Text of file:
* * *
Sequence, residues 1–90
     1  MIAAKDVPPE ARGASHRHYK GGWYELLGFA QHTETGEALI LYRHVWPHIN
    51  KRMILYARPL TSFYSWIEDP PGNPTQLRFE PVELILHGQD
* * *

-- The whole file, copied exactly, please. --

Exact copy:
Sequence, residues 1–90
     1  MIAAKDVPPE ARGASHRHYK GGWYELLGFA QHTETGEALI LYRHVWPHIN
    51  KRMILYARPL TSFYSWIEDP PGNPTQLRFE PVELILHGQD